Academies offer skills and qualifications that provide stepping stones to future employment
In a country like South Africa, where there is a dearth of technical skills, it has become critical to focus on developing such expertise within the youth market. By focusing on teaching technical skills, organisations are able to provide both an answer to the current youth unemployment challenge and deliver qualifications that can help legitimise those operating in the informal sector. Samsung South Africa has three technical academies currently in operation across South Africa, with in excess of 500 students associated with these. Each of these academies plays its part in tackling the skills and unemployment crisis in Gauteng. The largest of these institutions, the Samsung Engineering Academy, is based in Boksburg, while additional academies can be found in KwaThema on the East Rand and in Hammanskraal, near Pretoria. Richard Chetty, Director for SSA Service at Samsung South Africa, says that the locations for these academies were chosen specifically to provide better opportunities for youngsters in these underprivileged areas.
“The goal is to teach them to become proficient in skills that will allow us to employ them within our service centres. To this end, students in Hammanskraal learn technical skills related to servicing Samsung’s large appliances, as well as our phones. In KwaThema, the main focus is on our refrigerators and air-conditioners, which are specialist skills that have to meet specific compliance standards, meaning there is generally a scarcity of engineers from this perspective,” he says. Chetty explains that acquiring such skills means that those students who are not employed directly by Samsung will still have the opportunity to open their own small business once they have qualified.
“Samsung has also launched a programme designed to encourage young entrepreneurs to start their own businesses using these skills.” Chetty adds that the main academy in Boksburg focuses mostly on training students in a range of skills related to cell phone servicing. The idea is for graduates to be able to work within the company’s service centres once they have graduated.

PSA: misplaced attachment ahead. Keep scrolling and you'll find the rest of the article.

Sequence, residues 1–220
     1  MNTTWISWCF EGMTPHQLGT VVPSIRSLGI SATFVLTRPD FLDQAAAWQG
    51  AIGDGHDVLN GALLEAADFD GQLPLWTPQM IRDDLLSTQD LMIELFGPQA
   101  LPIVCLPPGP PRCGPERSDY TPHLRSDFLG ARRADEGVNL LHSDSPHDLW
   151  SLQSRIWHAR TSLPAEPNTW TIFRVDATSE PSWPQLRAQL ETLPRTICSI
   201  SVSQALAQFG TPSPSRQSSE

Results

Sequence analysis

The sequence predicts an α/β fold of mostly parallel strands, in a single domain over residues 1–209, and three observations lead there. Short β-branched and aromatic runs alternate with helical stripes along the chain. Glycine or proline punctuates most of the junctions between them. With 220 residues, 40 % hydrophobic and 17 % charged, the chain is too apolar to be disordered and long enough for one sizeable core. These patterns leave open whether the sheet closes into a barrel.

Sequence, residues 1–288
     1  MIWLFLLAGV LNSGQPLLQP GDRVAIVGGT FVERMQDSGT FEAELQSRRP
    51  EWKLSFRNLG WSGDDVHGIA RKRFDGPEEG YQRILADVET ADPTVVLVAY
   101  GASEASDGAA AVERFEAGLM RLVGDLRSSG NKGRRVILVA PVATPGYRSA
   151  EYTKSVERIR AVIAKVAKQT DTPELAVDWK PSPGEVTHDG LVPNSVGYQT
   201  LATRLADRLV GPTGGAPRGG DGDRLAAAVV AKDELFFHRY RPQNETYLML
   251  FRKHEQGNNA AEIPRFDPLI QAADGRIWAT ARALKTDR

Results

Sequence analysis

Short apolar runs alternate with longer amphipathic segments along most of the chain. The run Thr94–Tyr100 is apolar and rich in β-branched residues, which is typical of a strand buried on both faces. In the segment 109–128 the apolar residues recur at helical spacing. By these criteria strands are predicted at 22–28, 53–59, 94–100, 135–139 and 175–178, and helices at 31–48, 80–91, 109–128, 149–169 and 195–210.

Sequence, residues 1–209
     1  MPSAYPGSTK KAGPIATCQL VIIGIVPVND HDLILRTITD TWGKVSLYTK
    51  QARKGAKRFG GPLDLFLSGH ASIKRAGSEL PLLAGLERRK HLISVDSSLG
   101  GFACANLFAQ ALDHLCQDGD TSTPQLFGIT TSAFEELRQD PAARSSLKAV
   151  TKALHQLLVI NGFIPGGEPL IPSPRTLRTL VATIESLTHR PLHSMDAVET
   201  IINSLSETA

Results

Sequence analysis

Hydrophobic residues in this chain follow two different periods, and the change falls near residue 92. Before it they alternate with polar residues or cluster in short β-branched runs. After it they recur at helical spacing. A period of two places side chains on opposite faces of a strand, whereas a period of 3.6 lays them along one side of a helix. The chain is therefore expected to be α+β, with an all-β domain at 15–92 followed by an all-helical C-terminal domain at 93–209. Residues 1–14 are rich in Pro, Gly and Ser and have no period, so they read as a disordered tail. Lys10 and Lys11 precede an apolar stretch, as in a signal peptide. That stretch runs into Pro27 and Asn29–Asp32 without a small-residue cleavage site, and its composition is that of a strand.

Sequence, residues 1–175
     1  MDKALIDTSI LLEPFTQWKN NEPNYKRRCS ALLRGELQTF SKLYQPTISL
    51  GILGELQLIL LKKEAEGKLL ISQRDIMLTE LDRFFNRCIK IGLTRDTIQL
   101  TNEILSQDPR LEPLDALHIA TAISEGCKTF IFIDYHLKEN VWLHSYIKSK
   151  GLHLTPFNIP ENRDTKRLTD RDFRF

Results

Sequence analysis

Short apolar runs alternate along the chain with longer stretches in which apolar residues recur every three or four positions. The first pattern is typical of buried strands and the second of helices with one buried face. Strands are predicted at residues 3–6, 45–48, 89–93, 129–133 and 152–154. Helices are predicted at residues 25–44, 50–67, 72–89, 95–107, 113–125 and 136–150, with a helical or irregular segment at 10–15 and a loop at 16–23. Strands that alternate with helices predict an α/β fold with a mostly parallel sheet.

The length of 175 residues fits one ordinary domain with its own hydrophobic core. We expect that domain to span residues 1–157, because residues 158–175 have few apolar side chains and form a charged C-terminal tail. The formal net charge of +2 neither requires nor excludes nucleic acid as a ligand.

Samsung has also paid special attention to the needs of women in this region, who often have even fewer opportunities for formal employment than men. The Boksburg Academy is where Samsung’s successful Women Technical Programme (WTP) is based. The WTP selects a number of female students from previously disadvantaged backgrounds for the first ever training programme specifically for hand held devices. Once their graduation from the programme is completed, these students are placed at a number of Samsung’s Service Centres, where they will undergo a year of practical work in order to gain necessary and valuable experience. Following a final assessment, they will be certified as technicians, which will open up a meaningful career path to them.
Chetty points out that 16 of the women who graduated from the first course have been employed by Samsung, enabling them to support their households while also being viewed as pillars in their community. The success of this programme is indicated by the fact that Samsung is currently seeking an additional 20 young women to join the second iteration of the WTP. “So far, Samsung has employed in the region of 100 graduates from these academies within its service network. However, even those who don’t get employed by us, find that having this accreditation and skill behind their names provide a good stepping stone to future employment.”
“The most heartening thing is that from a social perspective, these academies have really give these communities hope – a goal which lies close to the heart of Samsung’s brand ethos. In a country struggling with high unemployment, the youth are able to see the tangible benefits offered by such studies and it makes them all the more eager to participate,” Chetty concludes.